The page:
8. Compound body according to claim 1 characterized in that the bonding layer is a noble metal.
9. Compound body according to claim 1 characterized in that the total thickness of the coating is between 0.1 and 500 μm.
10. Compound body of claim 9 wherein the total thickness of the coating is between 0.5 and 100 μm.
11. Compound body of claim 1 wherein the metal which forms a stable carbide is Ti.
12. In a drawing die having a drawing surface, the improvement which comprises using as the drawing surface a compound body comprising a core of a material taken from the group consisting of a metal, metal alloy, metal-bonded hard metal compound, ceramic or mixtures thereof, said core being at least partly covered with a layer of one or more CVD-deposited layers of polycrystalline diamond, each said CVD-deposited layer being from 0.1 to 10 μm thick and being bonded to the substrate by a layer of a material selected from the group consisting of a noble metal, a metal which forms a stable carbide and a compound with the formula Me(Cx Ny Oz Bt) where Me is a metal of group 4b through 6b of the Periodic Table, Al or Si and 0.45<x+y+z+t<2.1.
13. In an electronic component including a portion requiring at least one of extremely good thermal conductivity and high electrical isolation, the improvement which comprises using as the portion a compound body comprsing a core of a material taken from the group consisting of a metal, metal alloy, metal-bonded hard metal compound, ceramic or mixtures thereof, said core being at least partly covered with a layer of one or more CVD-deposited layers of polycrystalline diamond, each said CVD-deposited layer being from 0.1 to 10 μm thick and being bonded to the substrate by a layer of a material selected from the group consisting of a noble metal, a metal which forms a stable carbide and a compound with the formula Me(Cx Ny Oz Bt) where Me is a metal of group 4b through 6b of the Periodic Table, Al or Si and 0.45<x+y+z+t<2.1.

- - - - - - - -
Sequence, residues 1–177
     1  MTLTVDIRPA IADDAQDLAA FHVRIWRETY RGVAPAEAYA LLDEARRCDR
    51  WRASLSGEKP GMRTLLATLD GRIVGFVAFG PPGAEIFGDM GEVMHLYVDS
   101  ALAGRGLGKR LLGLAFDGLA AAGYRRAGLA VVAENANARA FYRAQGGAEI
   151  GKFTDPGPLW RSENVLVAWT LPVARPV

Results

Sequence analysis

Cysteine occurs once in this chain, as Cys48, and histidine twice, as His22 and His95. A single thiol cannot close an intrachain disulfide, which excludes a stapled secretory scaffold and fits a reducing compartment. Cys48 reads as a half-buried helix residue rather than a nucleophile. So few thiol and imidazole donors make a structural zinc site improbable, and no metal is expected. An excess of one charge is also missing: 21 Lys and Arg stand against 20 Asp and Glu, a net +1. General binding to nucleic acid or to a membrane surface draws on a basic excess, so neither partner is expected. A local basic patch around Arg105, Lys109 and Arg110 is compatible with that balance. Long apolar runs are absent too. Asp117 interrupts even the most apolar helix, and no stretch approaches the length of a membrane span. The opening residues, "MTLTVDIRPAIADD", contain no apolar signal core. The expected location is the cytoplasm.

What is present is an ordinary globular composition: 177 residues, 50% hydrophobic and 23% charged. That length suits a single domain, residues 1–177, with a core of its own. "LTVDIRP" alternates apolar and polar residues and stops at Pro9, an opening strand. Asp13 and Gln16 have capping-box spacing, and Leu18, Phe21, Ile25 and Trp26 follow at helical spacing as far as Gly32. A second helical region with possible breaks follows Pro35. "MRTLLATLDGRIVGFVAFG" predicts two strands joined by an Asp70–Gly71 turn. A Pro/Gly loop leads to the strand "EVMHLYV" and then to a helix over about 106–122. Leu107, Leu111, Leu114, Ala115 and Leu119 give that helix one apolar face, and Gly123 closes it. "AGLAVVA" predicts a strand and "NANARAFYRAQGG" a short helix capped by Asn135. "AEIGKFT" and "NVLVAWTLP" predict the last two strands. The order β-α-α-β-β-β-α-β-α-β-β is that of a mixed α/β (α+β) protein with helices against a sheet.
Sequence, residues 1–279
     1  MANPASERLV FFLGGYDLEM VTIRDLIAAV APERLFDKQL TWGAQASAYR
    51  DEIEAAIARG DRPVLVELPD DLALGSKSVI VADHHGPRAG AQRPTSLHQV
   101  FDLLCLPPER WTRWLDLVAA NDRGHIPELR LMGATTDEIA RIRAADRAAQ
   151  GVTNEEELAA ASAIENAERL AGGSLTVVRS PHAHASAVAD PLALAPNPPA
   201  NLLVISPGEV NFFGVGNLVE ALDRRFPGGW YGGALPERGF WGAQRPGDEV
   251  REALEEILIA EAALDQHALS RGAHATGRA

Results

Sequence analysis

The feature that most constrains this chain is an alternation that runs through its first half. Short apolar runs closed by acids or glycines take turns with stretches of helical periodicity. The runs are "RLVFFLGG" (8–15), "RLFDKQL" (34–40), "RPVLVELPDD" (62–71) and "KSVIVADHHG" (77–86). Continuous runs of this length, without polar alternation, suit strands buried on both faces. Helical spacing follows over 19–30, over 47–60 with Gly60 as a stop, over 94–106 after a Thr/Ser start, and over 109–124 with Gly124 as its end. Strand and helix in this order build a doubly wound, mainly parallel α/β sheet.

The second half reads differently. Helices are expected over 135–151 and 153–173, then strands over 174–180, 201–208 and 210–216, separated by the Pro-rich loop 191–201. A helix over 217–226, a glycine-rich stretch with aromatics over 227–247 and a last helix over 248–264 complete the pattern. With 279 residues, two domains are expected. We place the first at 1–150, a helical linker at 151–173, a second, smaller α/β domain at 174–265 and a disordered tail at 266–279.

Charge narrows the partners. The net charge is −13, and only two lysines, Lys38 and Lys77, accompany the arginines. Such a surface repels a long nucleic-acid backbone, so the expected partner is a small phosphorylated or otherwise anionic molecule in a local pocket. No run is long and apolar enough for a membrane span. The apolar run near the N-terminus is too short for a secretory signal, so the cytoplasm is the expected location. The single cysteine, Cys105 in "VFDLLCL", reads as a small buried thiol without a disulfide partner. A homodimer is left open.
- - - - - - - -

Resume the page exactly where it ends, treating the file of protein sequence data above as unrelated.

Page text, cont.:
14. In a cutting tool including a wear surface, the improvement which comprises using as the wear surface a compound body comprising a core of a material taken from the group consisting of a metal, metal alloy, metal-bonded hard metal compound, ceramic or mixtures thereof, said core being at least partly covered with a layer of one or more CVD-deposited layers of polycrystalline diamond, each said CVD-deposited layer being from 0.1 to 10 μm thick and being bonded to the substrate by a layer of a material selected from the group consisting of a noble metal, a metal which forms a stable carbide and a compound with the formula Me(Cx Ny Oz Bt) where Me is a metal of group 4b through 6b of the Periodic Table, Al or Si and 0.45<x+y+z+t<2.1.